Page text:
Now that the Trans Lake Washington Study is officially complete, the study group has dissolved. Further work is being led by the Office of Urban Mobility. See their web site for the latest news and information. Of particular interest are innovative plans for "Transportation Demand Management".
The Governing Board of the Washington Park Arboretum has prepared a draft Master Plan for the future of the Arboretum. The draft document and various public comments can be found through the Seattle Parks Dept web page for the Arboretum Master Plan. Further discussion can be found on the Arboretum's Arboretum Home Page including links to U.W. Dept. of Urban Horticulture and the Arboretum Foundation.UNIVERSITY OF WASHINGTON MASTER PLAN
The MCC has strenuously objected to certain provisions of the proposed Master Plan. We have joined other neighborhoods in the Arboretum Park Preservation Coalition in forming an action group to try to force modifications to the Arboretum draft Master Plan, which will soon be starting into its Environmental Impact Study phase. Click here for the complete text of the MCC resolution.
The University of Washington is embarking upon a new Master Plan that will set guidelines for campus development from 2003 through 2012. The plan is highly evolutionary. The U.W. actively maintains a Master Plan Home Page with the latest details.SEAHAWKS USE OF HUSKY STADIUM
The University of Washington is a huge neighbor, and its growth has a plethora of direct and indirect effects on the Montlake Community. It is also one of the primary employment centers of the region, and a crucial investment in the future of the State and its residents. The Master Plan covers many facets of the University's changes in the upcoming decade, including the types and locations of new buildings, preservation of green space, and parking and traffic of the student and staff commuters to the campus.
The MCC has adopted a position of active interest in all traffic and parking issues in our neighborhood. Our representatives to the City-University Community Advisory Cmte (CUCAC), Ken Fales and Lee Kolb, meet regularly with the University and surrounding communities to review the evolving Master Plan. The MCC has written a letter which expresses our concerns about the past ten years of traffic, and highlights areas which we feel need attention in the next Master Plan. A copy of our letter can be found by clicking here.
The Seahawks asked to use Husky Stadium for two years in 2000 and 2001 (10-12 games per year) while their new stadium is under construction. The University (owners of Husky Stadium) and the City of Seattle (which issues use permits) have both agreed. The City of Seattle has required that the Seahawks prepare a Traffic Management Plan (TMP) for use on game days. The Seahawks have formally proposed such a plan to the City, and the City Council accepted it unanimously in November 1999.CITY STUDIES OF ARTERIAL CONGESTION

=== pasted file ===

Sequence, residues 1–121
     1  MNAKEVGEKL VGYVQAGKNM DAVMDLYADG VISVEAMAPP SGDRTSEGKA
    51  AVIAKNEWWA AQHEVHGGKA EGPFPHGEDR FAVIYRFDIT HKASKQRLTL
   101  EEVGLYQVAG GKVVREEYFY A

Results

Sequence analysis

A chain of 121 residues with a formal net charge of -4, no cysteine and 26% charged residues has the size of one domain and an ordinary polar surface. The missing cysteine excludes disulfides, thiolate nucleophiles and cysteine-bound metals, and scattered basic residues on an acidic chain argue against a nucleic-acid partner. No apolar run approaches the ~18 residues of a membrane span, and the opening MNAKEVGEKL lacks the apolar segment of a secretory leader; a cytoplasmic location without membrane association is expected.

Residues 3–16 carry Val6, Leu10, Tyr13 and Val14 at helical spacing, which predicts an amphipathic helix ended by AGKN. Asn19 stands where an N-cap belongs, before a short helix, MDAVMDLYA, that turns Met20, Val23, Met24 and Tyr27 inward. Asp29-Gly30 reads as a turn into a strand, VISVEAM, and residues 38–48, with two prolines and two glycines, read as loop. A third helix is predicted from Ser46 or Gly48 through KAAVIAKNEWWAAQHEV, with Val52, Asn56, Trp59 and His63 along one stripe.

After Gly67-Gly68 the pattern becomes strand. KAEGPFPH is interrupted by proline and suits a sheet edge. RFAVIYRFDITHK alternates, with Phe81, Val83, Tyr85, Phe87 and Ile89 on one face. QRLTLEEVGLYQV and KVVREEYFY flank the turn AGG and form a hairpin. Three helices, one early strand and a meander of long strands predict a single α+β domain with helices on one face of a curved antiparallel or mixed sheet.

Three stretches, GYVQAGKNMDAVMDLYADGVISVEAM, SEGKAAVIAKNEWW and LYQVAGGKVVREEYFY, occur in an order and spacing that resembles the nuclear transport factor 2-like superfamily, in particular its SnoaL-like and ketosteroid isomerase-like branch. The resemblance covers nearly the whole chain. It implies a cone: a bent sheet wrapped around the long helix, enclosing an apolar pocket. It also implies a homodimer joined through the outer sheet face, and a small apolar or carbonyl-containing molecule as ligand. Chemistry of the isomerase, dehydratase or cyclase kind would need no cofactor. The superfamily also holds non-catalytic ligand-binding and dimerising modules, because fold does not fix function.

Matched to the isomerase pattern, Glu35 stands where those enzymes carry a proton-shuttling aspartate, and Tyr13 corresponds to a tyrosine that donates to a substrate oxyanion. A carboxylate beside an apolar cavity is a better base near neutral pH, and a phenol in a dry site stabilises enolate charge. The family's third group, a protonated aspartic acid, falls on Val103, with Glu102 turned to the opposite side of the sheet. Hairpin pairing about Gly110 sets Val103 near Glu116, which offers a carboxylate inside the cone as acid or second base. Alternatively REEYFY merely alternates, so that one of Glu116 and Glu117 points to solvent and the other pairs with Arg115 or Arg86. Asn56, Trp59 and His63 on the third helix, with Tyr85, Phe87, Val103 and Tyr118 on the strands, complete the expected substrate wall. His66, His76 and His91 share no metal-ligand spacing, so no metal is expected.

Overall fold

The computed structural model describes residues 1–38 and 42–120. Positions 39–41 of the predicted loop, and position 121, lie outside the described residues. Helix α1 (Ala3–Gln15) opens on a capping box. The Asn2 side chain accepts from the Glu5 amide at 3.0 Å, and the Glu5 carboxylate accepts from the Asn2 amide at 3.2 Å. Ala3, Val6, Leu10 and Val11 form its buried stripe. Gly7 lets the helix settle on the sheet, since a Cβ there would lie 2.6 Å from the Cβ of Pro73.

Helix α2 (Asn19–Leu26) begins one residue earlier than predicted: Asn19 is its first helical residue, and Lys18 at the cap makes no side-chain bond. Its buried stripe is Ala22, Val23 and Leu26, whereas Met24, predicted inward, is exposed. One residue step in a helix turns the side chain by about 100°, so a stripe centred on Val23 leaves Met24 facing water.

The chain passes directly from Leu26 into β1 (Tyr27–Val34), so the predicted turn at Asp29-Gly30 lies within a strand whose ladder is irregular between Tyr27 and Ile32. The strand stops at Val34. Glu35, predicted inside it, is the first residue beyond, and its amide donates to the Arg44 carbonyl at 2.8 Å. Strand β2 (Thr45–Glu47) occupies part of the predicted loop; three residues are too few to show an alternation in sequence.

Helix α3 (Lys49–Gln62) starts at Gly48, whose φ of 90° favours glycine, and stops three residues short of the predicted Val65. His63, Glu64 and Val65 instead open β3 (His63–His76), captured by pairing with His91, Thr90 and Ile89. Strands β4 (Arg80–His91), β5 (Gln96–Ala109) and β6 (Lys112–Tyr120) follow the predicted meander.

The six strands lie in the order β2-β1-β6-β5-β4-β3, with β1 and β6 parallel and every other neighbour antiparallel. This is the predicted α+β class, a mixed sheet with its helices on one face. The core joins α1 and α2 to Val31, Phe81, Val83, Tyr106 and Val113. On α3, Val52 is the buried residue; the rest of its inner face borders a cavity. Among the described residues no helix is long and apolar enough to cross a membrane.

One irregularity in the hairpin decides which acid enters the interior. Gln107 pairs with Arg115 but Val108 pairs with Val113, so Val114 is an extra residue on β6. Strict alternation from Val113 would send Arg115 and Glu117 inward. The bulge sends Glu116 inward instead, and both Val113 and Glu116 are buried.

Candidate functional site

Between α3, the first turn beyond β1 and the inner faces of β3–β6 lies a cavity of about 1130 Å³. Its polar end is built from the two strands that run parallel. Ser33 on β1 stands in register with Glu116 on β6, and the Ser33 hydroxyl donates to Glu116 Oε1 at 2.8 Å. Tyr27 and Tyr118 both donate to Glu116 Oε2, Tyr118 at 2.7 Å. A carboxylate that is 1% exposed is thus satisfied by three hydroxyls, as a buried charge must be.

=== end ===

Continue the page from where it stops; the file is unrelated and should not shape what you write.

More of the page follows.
Bruce Balick of the MCC worked closely with the Seahawks and other neighborhoods in developing the TMP. The MCC submitted a list of 40 suggestions, almost all of which were accepted. Our position has been that we want effective traffic and safety control, including unimpeded access for emergency vehicles to our homes, strict controls and enforcement of parking restrictions, post-game street clean up, mitigation of problems for local business owners, and neighborhood patrols to enforce all of the TMP's many provisions. We have reason to expect that the TMP is going to be slightly better than that used for Husky games, with periodic reviews of performance. The Seahawks have stated that they intend to continue to accommodate our needs as best they can.
In 1999 the MCC proposed that traffic counts on Montlake Blvd. be used to determine when provisions of the Growth Management Act must be implemented by the City. The GMA requires various measures, including the denial of building permits and the improvement of transit services, if arterial traffic exceeds 120% of "capacity". Peter Staten, Jim Kearnes, and Roger Leed of Montlake proposed changes to City (through a proposed amendment to existing standards) policy in behalf of the MCC to insure that the GMA apply to the Montlake Blvd. near the Montlake Bridge.MONTLAKE BRANCH LIBRARY
By an 8-1 vote of City Council in November 1999 the MCC appeal was defeated. (Councilmember Nick Licata was the only supporting vote.) Councilmember Richard Conlin, who forwarded the measure to the entire Council, recommended against adoption and stated "...[T]he City would be more likely to have to deny development permits, increase the capacity of the bridge, or reduce volumes on the bridge under City and State law requirements." Jim Kearnes, who attended the Council session, wrote an excellent article in the January 2000 FLYER on the outcome.
Councilmember Conlin also recommended an extensive area traffic study in lieu of approval of the MCC appeal. The MCC intends to participate as one of many communities if and when such a study is funded. The cost of the study was not included in the latest City budget. For now the MCC will do little more than push for the study, and to insure that serious measures of traffic mitigation be implemented.